A recent NIH study challenges the role of a routine measure of heart health. Testing for high-density lipoprotein, or HDL, cholesterol may not be as useful as previously thought when used to predict cardiovascular disease (CVD) risk in diverse groups of adults.
The study was recently published in the Journal of American College of Cardiology
association between HDL cholesterol levels and risk of CVD was first described in the 1970s in the Framingham Heart Study. “It’s been well accepted that low HDL cholesterol levels are detrimental, regardless of race,” Dr. Nathalie Pamir, a senior author of the NIH study, said in a statement. “Our research tested those assumptions.”
The Framingham study discovered an “inverse and linear association between plasma high-density lipoprotein cholesterol (HDL-C) concentration and [coronary heart disease (CHD)] risk,” the authors wrote, adding that nonetheless, the association was seen “in other mostly white European cohorts, whereas it was weaker or even absent in racially diverse cohorts.”
The new analysis included Black and white middle-aged adults without heart disease who had participated in the Reasons for Geographic and Racial Differences in Stroke (REGARDS) study from 2003 to 2007.
The team examined data from 23,901 U.S. adults who were participants enrolled in REGARDS between 2003 and 2007, including information collected throughout a 10- to 11-year period. All participants shared similar characteristics, including age, cholesterol levels, and underlying risk factors for heart disease such as diabetes, high blood pressure, and smoking. During the study period, 664 Black adults and 951 white adults experienced either a heart attack or a heart-related death.
The researchers wrote that “low HDL-C was associated with increased CHD risk” in white adults, confirming previous research, but that the same association was not found in Black adults.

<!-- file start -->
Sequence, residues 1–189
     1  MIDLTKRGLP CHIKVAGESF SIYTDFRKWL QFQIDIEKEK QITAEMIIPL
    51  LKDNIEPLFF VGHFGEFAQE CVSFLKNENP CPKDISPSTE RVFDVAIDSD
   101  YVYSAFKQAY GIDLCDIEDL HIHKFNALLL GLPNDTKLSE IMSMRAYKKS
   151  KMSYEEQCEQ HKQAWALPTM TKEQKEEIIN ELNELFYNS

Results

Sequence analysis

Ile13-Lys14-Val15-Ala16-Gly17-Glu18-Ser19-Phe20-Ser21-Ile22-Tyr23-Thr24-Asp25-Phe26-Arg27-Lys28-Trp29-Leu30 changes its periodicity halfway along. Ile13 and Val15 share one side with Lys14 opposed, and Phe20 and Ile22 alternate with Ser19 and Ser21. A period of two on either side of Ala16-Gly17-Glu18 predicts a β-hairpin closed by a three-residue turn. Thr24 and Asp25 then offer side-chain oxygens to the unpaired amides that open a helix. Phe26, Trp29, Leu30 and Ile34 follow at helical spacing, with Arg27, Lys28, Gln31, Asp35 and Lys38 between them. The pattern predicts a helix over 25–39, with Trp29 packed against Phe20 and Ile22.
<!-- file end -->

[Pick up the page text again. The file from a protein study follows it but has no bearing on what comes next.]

Other lipid parameters, “such as LDL-C and triglycerides, did not display race-specific behavior and were comparably associated with CHD risk in Black and white participants.”
That suggests that “the underlying biologic mechanism by which HDL-C associates with incident CHD in white and Black participants is different from that of other lipid risk factors,” the authors wrote.
They noted that the study findings expose weaknesses in the use of HDL cholesterol clinical risk category cutoffs. “Such categories might not apply to Black men and women, reducing their value in CHD risk assessment,” they added.
Another implication is that optimal amounts of HDL cholesterol may not provide cardiovascular benefits for either Black or white adults, the authors wrote.
Pamir also noted that there may be other ways in which HDL cholesterol supports heart health. The quality of HDL’s function in transporting excess cholesterol may be more important for supporting heart health than an individual’s HDL levels, she said.
“What I hope this type of research establishes is the need to revisit the risk-predicting algorithm for cardiovascular disease,” Pamir added.
Pamir and her team suggested that future research should focus on understanding the mechanisms that link HDL cholesterol to cardiovascular risk, and further examining how race affects these mechanisms.
“Race is a complex metric defined both by a social construct and a genetic construct, making it challenging to capture its full spectrum in a risk prediction algorithm,” the team wrote. “Collective data from recent years suggest that we should develop a population-wide risk estimation algorithm that works in other races as well.”
The recent study was not without its limitations, the group noted, with one being a limited number of fatal cardiovascular disease events per race.
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